The Governess of Thornfield

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NINE

Helen seems truly distressed at the idea of causing a disturbance, but you cannot forget how debilitating her coughing spells are, and lately, she has mentioned a slight pain in her chest.

That night you seek Miss Temple and tell her of your concerns for your friend. Miss Temple calls for the doctor - a Mr. Bates - immediately and he examines Helen in a room off of Miss Temple’s own private chamber

Covertly you wait outside the door, eager to hear news of Helen’s health. Through the door you see the doctor giving some advice to Miss Temple and then preparing to leave. Once he is away, you come up to Miss Temple and ask, “What does Mr. Bates say about her?”

Miss Temple’s eyes, always so expressive, are pensive and sad. “He says she should leave Lowood for now. It is not a safe environment for a child with her symptoms. I’m planning to write a letter to Helen’s father immediately and have her removed to a warmer environment tomorrow.”

The forest-dell in which Lowood lies is a cradle of fog and fog-bred pestilence. Despite the quickening spring, the crowded schoolroom and dormitory can not escape the icy touch of departing winter.

A few hours later, you are in bed and unable to fall asleep. The cold and your worried thoughts gnaw at your mind. You must see Helen; embrace her one more time and exchange with her one last word.

Reaching the door of the room next to Miss Temple, you see the white-curtained crib that contains your friend.

“Helen,” you whisper softly, “are you awake?”

“Can it be you my friend?” she asks in her own gentle voice.

“I came to see you, Helen: I heard you were very ill, and I could not sleep till I had spoken to you.”

“You came to bid me good-bye, then: you are just in time probably.”

“Where are you going Helen?”

“Miss Temple says I will go to my father. He is lately married, so doubtless I will be a burden to him. But I hope I will not be too much of an intrusion.”

“But you must be happy to get away from here? At least you won’t have to march in the snow and fight for space by the fire anymore. Or guard a morsel of bread against the other girls.”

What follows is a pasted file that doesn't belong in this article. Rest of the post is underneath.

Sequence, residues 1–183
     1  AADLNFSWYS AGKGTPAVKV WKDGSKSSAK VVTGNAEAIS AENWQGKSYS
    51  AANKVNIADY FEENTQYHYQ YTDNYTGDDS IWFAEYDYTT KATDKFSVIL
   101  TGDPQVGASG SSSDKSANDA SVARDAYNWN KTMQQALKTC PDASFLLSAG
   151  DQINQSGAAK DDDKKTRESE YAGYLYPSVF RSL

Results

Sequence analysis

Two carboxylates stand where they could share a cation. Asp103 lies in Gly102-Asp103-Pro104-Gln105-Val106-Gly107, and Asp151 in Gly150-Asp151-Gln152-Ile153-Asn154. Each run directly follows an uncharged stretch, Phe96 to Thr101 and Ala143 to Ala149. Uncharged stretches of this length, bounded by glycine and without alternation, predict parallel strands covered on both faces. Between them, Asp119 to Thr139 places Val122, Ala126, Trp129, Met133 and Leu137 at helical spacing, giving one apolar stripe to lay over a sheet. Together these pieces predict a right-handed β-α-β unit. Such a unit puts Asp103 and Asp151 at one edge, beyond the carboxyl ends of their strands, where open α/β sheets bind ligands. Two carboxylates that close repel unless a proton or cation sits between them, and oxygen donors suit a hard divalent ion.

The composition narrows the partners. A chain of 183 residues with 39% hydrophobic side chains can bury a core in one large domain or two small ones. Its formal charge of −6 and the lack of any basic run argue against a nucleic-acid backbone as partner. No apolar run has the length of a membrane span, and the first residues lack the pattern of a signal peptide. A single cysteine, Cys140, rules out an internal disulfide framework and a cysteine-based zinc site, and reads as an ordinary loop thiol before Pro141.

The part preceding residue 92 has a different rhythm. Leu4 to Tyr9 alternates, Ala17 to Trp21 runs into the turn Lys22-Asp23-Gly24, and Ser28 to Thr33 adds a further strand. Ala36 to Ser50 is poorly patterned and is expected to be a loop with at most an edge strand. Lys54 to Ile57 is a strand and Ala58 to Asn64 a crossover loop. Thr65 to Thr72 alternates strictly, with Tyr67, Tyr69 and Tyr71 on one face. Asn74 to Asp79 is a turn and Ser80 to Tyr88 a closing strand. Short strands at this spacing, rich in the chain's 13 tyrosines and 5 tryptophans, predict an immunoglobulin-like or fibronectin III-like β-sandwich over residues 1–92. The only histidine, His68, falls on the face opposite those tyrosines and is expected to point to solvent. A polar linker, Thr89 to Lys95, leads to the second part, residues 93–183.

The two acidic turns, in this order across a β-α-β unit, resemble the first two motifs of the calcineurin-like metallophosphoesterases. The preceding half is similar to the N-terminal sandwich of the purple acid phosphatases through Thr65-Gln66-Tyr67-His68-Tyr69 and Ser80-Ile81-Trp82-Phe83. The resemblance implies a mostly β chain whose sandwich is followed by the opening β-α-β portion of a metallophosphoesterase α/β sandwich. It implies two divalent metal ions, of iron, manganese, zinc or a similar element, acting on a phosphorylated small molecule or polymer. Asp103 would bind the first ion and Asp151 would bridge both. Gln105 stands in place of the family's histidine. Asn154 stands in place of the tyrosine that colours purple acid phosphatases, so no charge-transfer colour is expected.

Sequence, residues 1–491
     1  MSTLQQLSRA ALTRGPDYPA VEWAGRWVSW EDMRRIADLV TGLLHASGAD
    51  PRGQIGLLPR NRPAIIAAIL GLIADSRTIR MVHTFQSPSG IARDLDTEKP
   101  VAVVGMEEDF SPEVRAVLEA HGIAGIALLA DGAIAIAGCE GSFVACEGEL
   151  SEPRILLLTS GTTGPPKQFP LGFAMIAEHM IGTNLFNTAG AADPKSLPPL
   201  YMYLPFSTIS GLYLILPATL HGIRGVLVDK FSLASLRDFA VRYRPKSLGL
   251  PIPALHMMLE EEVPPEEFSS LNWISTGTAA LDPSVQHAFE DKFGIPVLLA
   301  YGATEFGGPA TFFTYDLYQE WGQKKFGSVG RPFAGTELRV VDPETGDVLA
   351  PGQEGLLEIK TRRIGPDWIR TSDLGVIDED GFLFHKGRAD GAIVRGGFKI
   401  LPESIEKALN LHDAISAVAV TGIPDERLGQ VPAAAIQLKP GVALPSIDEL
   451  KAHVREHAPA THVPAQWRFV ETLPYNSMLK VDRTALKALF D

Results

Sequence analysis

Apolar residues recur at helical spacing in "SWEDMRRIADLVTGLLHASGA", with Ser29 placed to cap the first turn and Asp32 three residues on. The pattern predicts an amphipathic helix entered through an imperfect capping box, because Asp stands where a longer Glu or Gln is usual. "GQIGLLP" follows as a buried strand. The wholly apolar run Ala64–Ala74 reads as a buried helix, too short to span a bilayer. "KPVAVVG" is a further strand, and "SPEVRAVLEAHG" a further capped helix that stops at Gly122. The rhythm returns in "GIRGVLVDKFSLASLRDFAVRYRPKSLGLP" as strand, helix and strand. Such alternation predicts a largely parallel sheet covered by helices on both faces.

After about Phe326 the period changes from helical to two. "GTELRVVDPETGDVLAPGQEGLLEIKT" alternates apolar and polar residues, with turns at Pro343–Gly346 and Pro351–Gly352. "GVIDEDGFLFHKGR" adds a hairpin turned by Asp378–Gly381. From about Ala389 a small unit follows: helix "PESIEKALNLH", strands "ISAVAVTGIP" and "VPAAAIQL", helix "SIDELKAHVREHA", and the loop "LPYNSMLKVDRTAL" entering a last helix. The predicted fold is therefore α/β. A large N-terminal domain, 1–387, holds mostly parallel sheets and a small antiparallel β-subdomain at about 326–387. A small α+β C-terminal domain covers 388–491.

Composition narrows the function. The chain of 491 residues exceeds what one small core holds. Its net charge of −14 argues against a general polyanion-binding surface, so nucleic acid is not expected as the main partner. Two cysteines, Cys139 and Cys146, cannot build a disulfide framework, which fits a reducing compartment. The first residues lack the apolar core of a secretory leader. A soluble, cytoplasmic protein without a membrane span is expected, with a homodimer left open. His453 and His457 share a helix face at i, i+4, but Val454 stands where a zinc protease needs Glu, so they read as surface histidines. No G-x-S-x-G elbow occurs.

“Sometimes I think I am in Northumberland, and that the noises I hear round me are the bubbling of a little brook which runs through Deepden, near our house… but I then I think I would not like to be a grief to my relations, and I am at Lowood to get an education. I have my faults and they have not yet been eradicated.” Helen seems to snap from her reverie. “Oh, your little feet are bare; lie down and cover yourself with my quilt.”

I do so: she puts her arm over me, and I nestle close to her. “Dear Helen, I will miss you when you leave. You have been my only true friend.”

“You must not miss me too much. I will write to you while I am away and perhaps, I will return ere long. Trust in God and His goodness; His will has brought us together; I am sure we will not be too long apart.”

You clasp your arms closer round Helen; she seems dearer to you than ever; you feel as if you could not let her go so you lay with your face hidden on her neck. Presently she says, in the sweetest tone—

“I feel as if I could sleep but don’t leave me; I like to have you near me.”

“I’ll stay with you, dear Helen: no one shall take me away.”

“Are you warm, darling?”

“Yes.”

“Good-night, my dear.”

“Good-night, Helen.”

When you awake it is day. Helen has roused you from sleep as she must start preparations for her departure. Mournfully you watch as she gathers her meager belongings. When Miss Temple enters the room half an hour later, Helen is ready to meet the coach that will take her to her family and a place far from you. Tearfully you and Helen embrace for what may be the last time.

“Remember, I will write to you,” Helen murmurs into your ear.

You sincerely hope you two will meet again someday.


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